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Lawmaker blasts Gila Bend groundwater plan, says her bill offers local control instead

State water officials may create  a new groundwater management area. But Republicans and rural stakeholders say it’s the governor's way of double-crossing them. 

The Arizona Department of Water Resources announced last week it’s considering designating the Gila Bend basin as a groundwater active management area, or AMA, to mitigate steep water decline. It would be the first time the department has established an AMA since 1980, when lawmakers adopted the Groundwater Management Act.

But during a press conference at the state Capitol ahead of a public hearing regarding the Gila Bend basin, Republican Sen. Sine Kerr (R-Buckeye) said AMAs don’t protect the interests of rural Arizonans like herself. 

She also accused Democratic Gov. Katie Hobbs of not working in good faith.

Kerr and Arizona Farm Bureau President Stefanie Smallhouse resigned from Hobbs’ water policy council in October in protest, claiming rural voices were not being taken seriously.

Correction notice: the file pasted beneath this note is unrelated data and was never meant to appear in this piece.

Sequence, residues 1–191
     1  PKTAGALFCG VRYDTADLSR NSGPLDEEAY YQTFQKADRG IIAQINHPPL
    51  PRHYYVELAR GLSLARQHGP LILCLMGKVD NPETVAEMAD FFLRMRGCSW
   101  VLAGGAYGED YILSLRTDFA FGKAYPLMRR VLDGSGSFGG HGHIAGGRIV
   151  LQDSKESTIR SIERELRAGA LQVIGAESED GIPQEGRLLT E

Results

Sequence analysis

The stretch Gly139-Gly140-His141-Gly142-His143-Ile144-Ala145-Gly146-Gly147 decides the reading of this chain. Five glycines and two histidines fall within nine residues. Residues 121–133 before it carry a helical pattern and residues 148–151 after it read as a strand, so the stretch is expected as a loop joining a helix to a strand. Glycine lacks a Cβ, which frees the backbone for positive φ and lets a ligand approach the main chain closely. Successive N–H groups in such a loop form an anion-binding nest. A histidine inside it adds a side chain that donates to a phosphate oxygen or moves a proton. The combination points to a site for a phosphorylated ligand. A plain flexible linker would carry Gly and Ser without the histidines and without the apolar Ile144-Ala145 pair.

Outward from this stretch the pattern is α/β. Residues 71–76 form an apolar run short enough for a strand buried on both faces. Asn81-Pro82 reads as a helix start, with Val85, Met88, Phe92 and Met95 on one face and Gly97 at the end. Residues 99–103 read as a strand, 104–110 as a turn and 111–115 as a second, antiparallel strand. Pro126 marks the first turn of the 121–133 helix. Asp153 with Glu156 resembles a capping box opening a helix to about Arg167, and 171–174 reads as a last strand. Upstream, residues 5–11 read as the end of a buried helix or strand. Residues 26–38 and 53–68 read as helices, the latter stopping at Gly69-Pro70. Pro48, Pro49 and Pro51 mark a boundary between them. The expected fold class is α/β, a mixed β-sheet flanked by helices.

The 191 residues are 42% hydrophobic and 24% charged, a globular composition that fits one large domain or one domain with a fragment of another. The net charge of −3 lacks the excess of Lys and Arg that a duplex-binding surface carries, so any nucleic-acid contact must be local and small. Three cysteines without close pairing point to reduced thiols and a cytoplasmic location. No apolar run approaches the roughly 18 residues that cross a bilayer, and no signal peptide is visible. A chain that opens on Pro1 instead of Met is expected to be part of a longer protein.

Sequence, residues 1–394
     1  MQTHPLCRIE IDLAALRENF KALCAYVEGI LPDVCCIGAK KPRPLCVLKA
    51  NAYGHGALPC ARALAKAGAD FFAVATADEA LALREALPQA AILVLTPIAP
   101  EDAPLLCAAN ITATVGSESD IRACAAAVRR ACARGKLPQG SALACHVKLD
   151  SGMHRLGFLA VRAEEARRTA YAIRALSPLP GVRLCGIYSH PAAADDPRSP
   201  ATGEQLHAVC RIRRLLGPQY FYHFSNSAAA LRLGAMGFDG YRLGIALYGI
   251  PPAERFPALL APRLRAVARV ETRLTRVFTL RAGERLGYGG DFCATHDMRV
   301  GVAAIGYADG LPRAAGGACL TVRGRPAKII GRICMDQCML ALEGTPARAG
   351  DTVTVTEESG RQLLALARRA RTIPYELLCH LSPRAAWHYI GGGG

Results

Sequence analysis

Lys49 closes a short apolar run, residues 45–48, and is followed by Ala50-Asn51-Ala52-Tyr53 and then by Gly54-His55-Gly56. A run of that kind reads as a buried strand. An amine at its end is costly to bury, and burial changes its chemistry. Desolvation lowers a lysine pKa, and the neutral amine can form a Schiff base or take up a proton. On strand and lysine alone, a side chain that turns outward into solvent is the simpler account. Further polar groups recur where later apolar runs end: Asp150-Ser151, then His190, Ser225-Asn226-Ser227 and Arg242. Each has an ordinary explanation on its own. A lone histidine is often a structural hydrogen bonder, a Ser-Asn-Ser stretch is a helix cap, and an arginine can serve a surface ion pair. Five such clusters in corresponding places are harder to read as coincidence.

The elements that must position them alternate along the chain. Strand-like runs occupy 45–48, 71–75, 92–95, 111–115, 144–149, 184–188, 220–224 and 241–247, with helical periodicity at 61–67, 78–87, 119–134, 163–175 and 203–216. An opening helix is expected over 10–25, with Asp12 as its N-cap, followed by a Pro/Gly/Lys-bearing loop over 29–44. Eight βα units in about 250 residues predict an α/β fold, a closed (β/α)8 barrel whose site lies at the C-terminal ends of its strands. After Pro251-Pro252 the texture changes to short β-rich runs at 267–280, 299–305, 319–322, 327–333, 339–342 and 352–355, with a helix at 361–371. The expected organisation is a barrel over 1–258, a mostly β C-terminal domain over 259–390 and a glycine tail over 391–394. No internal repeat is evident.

“The public display of collaboration amounted to only smoke and mirrors when it came to time to do the hard work,” Kerr said Tuesday. “Last week, the smoke dissipated and the mirrors cracked and this governor showed us how she truly intends to lead on water and that's through fear and intimidation.”

Kerr acknowledged that the Gila Bend basin needs more management, but she has worked with rural stakeholders like Smallhouse to craft a bill that would create less restrictive oversight. 

“Gila Bend is not Phoenix. It is not Tucson and it is not Prescott. Gila Bend is a sleepy little basin with farming at its heart. There is no urban sprawl there. In this basin, investments are made in growing food, not in growing houses,” Smallhouse said Tuesday.

Kerr’s Senate Bill 1221 would allow community members to establish protected groundwater basin areas, but unlike AMAs, which are managed by ADWR, they would be governed by an elected local council. 

Kerr acknowledged that in her proposed basin protection areas, agriculture would face water cuts. But the cuts would be made across the board, she says, and not targeted at agriculture, as she warns they may be if an AMA is approved.

Kerr accused Hobbs of ordering ADWR to create an AMA in Gila Bend, and claimed the governor “broke her word” and “abused her authority.”

Doug MacEachern, a spokesman for the water department, said in a text that Hobbs did not order the creation of an AMA in Gila Bend, but Kerr said she doesn’t believe that’s the truth.

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Camryn Sanchez is a field correspondent at KJZZ covering everything to do with state politics.